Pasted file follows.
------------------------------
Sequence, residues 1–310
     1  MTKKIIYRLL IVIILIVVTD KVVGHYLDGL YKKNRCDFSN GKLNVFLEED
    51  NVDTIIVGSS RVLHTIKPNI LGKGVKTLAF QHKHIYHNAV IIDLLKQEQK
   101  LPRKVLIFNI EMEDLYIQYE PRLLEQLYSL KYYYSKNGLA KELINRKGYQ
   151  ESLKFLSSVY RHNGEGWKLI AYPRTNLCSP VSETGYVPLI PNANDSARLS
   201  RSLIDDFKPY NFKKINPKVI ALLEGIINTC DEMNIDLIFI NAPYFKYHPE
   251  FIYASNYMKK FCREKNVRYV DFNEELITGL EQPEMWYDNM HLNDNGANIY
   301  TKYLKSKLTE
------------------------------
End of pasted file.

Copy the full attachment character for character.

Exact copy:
Sequence, residues 1–310
     1  MTKKIIYRLL IVIILIVVTD KVVGHYLDGL YKKNRCDFSN GKLNVFLEED
    51  NVDTIIVGSS RVLHTIKPNI LGKGVKTLAF QHKHIYHNAV IIDLLKQEQK
   101  LPRKVLIFNI EMEDLYIQYE PRLLEQLYSL KYYYSKNGLA KELINRKGYQ
   151  ESLKFLSSVY RHNGEGWKLI AYPRTNLCSP VSETGYVPLI PNANDSARLS
   201  RSLIDDFKPY NFKKINPKVI ALLEGIINTC DEMNIDLIFI NAPYFKYHPE
   251  FIYASNYMKK FCREKNVRYV DFNEELITGL EQPEMWYDNM HLNDNGANIY
   301  TKYLKSKLTE